Last night was aired one of the best TV arts programmes I've watched in recent years. It was like something from the good old days when the BBC took risks, rose to its subject matter and didn't dumb down to an audience only thought to be interested in cake-baking, auctions or murders. Guardian review.
So often, musical documentaries turn into a gushing frenzy of personality-back-scrubbing, even if the subjects are dead, whereas this portrait of a little-known pioneering composer brought her and her talents realistically to life and gave much food for thought.. A musician and a Cambridge mathematician, Delia Derbyshire succeeded in joining the BBC Radiophonic Workshop and became the creative producer behind many startling sound effects and theme tunes on TV and radio for the next ten years, most notably, of course, for Doctor Who. The Radiophonic Workshop was regarded as the nadir of the BBC - its occupants weren't 'composers' but technical assistants - and I wondered why she didn't escape instead to Paris, a centre of electronic music at the time, since she was bilingual too.
In 1967 I was a teenager and interested in electronics and the crossover between science and music. My school was enrolled on a trial A-level scheme called 'physical science' (counting as two A-levels!) and as a major part of the course, we were to develop a project on our own initiative: my subject was musical synthesis. On the back of this, I arranged a 'research' visit to the Radiophonic Workshop and met Desmond Briscoe, its head. Deciding against an immediate career at the BBC (aged 16, I was offered a traineeship) I went on to Oxford where acoustics became the special subject for my degree.
The documentary brought this period back to me and I realised I could identify with Delia Derbyshire in one major respect: as the technology improved, musical synthesis became less intuitive, more technical and eventually, of course, computer-driven. Derbyshire's creativity, it seemed, emerged out of the limitations of tape manipulation and I reflected that 'primitive' methods can achieve sophisticated results.. A comparison of her original Doctor Who theme tune with a later re-make by others using more 'advanced' synthesis illustrated the point convincingly. Faced with an ever-expanding palette of hardware, she lost heart and left London. It must have been at around the same time that I visited the computer music department in Aarhus where transformations by then could be processed in real time. But I remember thinking "so what?"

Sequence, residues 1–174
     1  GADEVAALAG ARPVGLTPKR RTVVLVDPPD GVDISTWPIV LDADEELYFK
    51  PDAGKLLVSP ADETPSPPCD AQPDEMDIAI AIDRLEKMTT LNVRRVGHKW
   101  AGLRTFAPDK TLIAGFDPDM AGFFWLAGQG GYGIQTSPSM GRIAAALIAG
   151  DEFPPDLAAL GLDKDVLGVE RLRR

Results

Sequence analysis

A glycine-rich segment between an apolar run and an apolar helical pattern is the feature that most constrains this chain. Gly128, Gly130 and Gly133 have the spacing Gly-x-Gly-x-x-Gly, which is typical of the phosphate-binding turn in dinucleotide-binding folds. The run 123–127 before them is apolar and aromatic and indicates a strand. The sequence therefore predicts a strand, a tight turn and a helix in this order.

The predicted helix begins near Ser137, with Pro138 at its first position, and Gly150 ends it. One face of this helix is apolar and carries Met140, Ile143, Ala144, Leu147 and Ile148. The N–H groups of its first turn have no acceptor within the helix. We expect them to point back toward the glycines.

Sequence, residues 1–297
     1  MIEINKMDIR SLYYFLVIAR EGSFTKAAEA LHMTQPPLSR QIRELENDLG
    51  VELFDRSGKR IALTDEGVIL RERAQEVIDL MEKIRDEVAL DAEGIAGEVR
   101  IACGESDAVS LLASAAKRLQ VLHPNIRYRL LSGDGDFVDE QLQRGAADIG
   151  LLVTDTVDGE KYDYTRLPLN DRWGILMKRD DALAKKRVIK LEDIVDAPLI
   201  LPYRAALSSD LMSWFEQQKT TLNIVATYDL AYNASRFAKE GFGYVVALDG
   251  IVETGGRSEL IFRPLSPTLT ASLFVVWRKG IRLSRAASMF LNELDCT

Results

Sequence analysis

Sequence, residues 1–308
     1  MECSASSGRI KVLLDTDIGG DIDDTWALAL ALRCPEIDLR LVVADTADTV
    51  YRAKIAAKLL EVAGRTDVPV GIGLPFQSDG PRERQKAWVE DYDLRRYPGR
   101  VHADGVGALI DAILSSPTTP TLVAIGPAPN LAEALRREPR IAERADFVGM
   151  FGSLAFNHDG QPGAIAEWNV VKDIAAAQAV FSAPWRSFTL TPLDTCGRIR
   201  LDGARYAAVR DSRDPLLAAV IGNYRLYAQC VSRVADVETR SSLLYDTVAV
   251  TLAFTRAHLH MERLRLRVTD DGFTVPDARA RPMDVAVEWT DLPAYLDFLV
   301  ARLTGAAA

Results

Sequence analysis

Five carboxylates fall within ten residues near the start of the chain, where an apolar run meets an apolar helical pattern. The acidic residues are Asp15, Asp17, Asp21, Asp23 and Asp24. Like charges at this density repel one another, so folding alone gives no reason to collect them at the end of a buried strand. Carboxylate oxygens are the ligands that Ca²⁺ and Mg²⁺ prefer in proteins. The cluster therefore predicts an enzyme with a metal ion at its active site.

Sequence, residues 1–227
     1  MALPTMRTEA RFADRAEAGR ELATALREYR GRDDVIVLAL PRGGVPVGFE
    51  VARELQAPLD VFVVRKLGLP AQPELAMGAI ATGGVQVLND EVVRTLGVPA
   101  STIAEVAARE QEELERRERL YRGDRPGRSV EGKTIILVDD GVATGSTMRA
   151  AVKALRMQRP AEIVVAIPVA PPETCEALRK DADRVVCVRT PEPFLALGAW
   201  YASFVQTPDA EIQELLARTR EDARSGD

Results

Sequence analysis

Self-evidently, these processes opened up new worlds of sonic possibilities. But I soon saw that this kind of exploration for its own sake didn't appeal to me, nor did new sounds necessarily result in interesting music. On the contrary, it's the comparatively finite possibilities of musical instruments and the voice which yield more complex and nuanced sounds, especially in live performance.
Against all the odds, Derbyshire succeeded in breaking into the men's world of the 60's and her achievements deserve this belated recognition. But her tragedy is that in the 70's and 80's the world of musical composition was dominated by the cliques of the (still male dominated) ultra-cerebral avant-garde leaving more intuitive creators out in the cold. I could well imagine how Derbyshire became disillusioned and sought solace elsewhere.
Composer and musician